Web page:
1. To the pre-heated pressure cooker add the olive oil and onion and saute'.
  2. When the onion has softened, add the sorghum - coat it in the oil and onions and toast for about 3 minutes.
  3. Tumble in the zucchini and sun-dried tomatoes.
  4. Sprinkle in the thyme, salt, water and mix well.
  5. Close the lid and set the valve to pressure cooking position.
  6. Electric pressure cookers: Cook for 15 minutes at high pressure.
    Stovetop pressure cookers: Lock the lid and cook for 13 minutes at high pressure.
  7. When time is up, open the pressure cooker with the 10-Minute Natural release.
    Electric pressure cookers: When cooking time up count 10 minutes of Natural pressure release. Then, release the rest of the pressure slowly using the valve.
    Stovetop pressure cookers: Move the cooker off the hot burner and count 10 minutes of Natural pressure release. Even if all of the pressure is naturally released before the 10 minutes are up, keep the lid closed the entire time. Otherwise, release any remaining pressure slowly using the valve.
  8. Mix well, again, so some of the zucchini strips will break down and become creamy.




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  1. Do you have a preference when using sun-dried tomatoes? In oil or dehydrated? If oil, do you rinse or if dehydrated, do you rehydrate?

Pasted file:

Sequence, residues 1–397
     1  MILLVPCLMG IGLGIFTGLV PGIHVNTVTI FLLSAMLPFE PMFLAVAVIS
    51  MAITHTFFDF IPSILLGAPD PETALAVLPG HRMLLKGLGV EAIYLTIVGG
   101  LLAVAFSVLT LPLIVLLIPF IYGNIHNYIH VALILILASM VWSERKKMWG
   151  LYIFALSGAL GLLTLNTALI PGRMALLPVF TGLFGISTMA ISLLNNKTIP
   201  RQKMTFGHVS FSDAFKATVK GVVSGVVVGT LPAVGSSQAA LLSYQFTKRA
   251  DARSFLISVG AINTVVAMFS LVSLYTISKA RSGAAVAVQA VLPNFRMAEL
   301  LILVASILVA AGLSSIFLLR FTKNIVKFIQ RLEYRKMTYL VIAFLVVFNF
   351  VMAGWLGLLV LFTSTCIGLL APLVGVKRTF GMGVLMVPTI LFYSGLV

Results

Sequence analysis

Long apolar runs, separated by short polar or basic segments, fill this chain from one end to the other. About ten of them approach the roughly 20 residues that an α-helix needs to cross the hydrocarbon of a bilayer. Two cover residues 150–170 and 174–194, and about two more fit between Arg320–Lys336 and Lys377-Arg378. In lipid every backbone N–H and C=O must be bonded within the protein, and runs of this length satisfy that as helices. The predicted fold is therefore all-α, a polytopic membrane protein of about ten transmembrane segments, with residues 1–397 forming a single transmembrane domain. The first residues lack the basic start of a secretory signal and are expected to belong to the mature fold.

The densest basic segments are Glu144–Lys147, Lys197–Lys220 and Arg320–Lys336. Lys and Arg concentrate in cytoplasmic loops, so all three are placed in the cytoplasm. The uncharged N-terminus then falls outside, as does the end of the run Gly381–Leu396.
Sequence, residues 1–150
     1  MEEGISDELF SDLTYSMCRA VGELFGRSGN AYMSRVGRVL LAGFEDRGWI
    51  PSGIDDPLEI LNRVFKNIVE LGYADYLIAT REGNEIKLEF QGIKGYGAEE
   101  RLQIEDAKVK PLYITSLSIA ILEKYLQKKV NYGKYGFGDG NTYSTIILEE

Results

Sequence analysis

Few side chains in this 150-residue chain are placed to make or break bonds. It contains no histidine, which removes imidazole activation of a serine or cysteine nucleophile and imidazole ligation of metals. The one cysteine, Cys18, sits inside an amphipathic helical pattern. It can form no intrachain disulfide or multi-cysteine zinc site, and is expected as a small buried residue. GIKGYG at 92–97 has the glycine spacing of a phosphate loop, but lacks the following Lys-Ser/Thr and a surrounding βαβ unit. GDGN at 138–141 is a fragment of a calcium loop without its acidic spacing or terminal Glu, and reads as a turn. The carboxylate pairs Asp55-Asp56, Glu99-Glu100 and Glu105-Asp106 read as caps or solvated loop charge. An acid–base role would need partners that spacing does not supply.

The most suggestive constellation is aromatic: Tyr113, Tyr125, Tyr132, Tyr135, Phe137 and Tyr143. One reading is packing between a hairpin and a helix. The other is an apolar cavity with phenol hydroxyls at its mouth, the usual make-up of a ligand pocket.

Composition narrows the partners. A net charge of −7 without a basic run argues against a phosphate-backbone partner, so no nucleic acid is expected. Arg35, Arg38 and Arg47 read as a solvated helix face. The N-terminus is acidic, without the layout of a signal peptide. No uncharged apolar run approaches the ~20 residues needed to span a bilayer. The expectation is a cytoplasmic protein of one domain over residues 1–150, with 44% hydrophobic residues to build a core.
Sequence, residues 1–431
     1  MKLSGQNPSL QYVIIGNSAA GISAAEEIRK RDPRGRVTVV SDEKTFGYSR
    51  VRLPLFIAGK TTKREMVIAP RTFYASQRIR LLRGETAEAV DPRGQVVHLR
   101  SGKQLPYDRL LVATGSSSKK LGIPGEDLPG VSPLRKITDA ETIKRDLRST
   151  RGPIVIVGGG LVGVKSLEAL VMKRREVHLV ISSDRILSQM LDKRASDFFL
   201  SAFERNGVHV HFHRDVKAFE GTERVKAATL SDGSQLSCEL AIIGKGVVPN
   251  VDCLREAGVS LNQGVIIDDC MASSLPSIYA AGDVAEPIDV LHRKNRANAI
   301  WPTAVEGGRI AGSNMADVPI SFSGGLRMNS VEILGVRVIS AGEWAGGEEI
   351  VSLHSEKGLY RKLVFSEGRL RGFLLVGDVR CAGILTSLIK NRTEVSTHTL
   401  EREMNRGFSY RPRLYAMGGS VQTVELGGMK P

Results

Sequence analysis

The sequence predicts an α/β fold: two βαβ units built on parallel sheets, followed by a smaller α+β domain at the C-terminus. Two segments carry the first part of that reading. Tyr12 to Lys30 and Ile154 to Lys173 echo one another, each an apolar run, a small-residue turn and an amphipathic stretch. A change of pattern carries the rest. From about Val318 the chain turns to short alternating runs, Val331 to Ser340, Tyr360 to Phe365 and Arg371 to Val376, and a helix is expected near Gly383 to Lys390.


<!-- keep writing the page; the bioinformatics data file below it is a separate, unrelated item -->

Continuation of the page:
1. Ginny, I always look at the origin. Either type is fine. We’ve had a problem with Chinese tomatoes being put in Italian products and sold as Italian-style – here, in Italy! They’re easy to spot if you know how to look for them, black, leathery and not a stitch of tomato flavor left. I’m not saying the sun-dried tomatoes have to be Italian, but get good-quality dried tomatoes and make sure their origin is stated on the package so you can make an informed purchase – and a delicious sorgotto!


  2. Hi Laura,
    This recipe looks rather interesting and intriguing, Was so excited for a new recipe to try, unfortunately I am unable to source sorghum seeds in Brisbane, Australia. Everywhere has the flour, places have popped Sorghum but no one has the seeds Flannerys, health shops, whole food stores or supermarkets,
    Reason being I Think this is mainly produced as stock feed here. I was just wondering if any of your followers would know of any other places in Brisbane I may be able to source them from as I am very excited to try this recipe, it has my two favourite ingredients, sun-dried tomatoes and zucchini.

    Keep up the amazing work you do and have an amazing day

  3. Hello Laura,
    Making this as we ‘speak’–I love sorghum, and for once I actually have everything on hand! Just curious, why is the zucchini divided?

    1. Apologies, that’s left-over from my recipe testing (I have removed that note). If you watch the video I add the zucchini all at once. I had planned to brown half with the onion and then add the other half afterward, but I found the liquid calculations too unreliable – especially since not everyone “browns” and dehydrates the veggies to the same amount.